After committing €200 million ($224 million) toward the restoration of the Notre Dame Cathedral in Paris in April, the French billionaire announced on Tuesday that his company would donate $11 million to help fight the wildfire that’s currently scourging the Amazon rainforest.
LVMH’s donation was part of a collective effort formed by French President Emmanuel Macron during the G7 summit in France on Monday to tackle the Amazon wildfire. At the conference, Macron pledged a $22 million aid package from leaders of G7 countries.
“Protecting the environment is not just about words and speeches or signing declarations of principle, it also requires taking concrete collective actions when dangers arise in order to provide resources for local specialists and work together to save our planet,” Yann Arthus-Bertrand, a director at LVMH, said in the announcement late Monday.
Yet, how much of Arnault’s donation will actually materialize remains questionable.
For one thing, the countries most affected by the Amazon wildfire don’t seem to welcome French money. Following Macron’s aid package announcement, Brazilian President Jair Bolsonaro said his government would not accept the funding and accused the French president of treating Brazil like a “colony.” Bolsonaro later said he might change his mind if Macron apologizes. But a government spokesperson confirmed to CNN on Tuesday that Brazil would indeed reject France’s aid.
Also, the Arnault family is known for being particular about how their charity money is spent.
Last month, Observer reported that LVMH and other big donors contributing to the Notre Dame reconstruction effort were reluctant to release their committed funds because they wanted to see their money spent on actual restoration projects, not preparatory work, such as debris cleanup.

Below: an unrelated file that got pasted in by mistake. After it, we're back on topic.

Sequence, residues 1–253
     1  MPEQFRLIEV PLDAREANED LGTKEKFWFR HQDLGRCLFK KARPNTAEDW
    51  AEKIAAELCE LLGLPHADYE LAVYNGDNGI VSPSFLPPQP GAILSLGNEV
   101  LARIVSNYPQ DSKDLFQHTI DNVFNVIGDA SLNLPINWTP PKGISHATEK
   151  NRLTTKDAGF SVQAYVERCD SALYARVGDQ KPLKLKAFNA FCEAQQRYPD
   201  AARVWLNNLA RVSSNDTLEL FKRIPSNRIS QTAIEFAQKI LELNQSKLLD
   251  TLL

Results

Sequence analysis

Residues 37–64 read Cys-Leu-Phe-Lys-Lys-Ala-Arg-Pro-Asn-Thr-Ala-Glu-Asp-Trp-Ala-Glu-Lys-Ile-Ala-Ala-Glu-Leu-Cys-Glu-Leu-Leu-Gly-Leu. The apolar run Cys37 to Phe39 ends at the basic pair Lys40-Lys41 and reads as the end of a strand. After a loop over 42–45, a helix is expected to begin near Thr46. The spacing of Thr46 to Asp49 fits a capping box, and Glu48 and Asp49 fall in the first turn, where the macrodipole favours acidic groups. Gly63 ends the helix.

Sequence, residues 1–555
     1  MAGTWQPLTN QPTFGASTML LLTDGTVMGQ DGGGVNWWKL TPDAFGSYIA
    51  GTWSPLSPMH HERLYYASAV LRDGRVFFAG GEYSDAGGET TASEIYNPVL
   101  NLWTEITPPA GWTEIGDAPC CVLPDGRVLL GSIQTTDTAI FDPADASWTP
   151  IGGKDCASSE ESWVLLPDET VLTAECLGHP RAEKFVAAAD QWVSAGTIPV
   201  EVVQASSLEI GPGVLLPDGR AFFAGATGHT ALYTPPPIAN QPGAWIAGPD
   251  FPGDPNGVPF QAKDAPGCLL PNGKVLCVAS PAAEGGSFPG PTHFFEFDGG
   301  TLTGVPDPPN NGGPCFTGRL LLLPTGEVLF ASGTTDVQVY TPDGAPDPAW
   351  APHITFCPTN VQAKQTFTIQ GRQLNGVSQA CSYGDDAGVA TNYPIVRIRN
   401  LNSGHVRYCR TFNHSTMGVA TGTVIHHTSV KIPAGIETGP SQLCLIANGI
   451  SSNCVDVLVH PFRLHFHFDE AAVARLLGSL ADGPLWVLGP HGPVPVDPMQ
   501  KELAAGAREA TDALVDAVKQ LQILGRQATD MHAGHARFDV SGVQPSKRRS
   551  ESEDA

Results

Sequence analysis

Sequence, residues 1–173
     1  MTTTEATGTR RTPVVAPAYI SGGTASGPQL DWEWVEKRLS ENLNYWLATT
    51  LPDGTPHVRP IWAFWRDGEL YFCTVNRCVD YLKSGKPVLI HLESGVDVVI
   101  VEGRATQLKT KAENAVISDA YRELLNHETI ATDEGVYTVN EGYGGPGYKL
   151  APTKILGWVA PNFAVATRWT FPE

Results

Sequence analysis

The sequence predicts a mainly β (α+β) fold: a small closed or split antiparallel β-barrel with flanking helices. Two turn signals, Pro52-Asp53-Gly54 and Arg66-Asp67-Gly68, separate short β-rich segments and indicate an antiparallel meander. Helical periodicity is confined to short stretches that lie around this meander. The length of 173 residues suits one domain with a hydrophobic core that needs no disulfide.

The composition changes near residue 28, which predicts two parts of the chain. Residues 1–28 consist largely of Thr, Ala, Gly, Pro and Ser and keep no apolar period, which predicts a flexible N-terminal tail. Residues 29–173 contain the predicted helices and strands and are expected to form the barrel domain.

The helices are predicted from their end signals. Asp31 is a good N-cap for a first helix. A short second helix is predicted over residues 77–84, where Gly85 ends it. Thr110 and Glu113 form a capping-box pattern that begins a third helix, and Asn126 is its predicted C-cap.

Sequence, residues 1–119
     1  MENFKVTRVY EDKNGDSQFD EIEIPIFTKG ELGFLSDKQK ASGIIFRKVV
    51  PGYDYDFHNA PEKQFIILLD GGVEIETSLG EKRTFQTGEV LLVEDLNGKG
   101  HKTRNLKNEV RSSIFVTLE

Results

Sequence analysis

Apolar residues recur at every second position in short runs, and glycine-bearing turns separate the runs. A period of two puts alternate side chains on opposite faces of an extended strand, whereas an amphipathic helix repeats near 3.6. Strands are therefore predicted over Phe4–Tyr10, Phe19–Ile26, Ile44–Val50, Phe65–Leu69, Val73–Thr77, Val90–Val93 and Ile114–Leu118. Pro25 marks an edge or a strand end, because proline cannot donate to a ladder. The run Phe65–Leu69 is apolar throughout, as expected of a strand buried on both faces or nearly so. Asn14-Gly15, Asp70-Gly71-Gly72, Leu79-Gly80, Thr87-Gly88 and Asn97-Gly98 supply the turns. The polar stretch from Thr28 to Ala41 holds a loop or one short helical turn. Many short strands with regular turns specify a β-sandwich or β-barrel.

By the end of June, the Arnault family had released only €10 million ($11.2 million) out of their €200 million Notre Dame pledge, according to the Notre Dame Foundation, one of the four nonprofit organizations responsible for collecting money from big donors. The foundation hasn’t responded to Observer’s inquiry on the latest status of the restoration fund.
LVMH owns 70 high-end luxury brands, including Louis Vuitton, Christian Dior and Moët & Chandon champagne. Thanks to the company’s booming business this year, Arnault’s net worth soared past the $100 billion mark in June to the join the “centibillionaire” club with Jeff Bezos and Bill Gates.
A month later, Arnault’s net worth surpassed that of Gates, making him the world’s second richest person only after Bezos.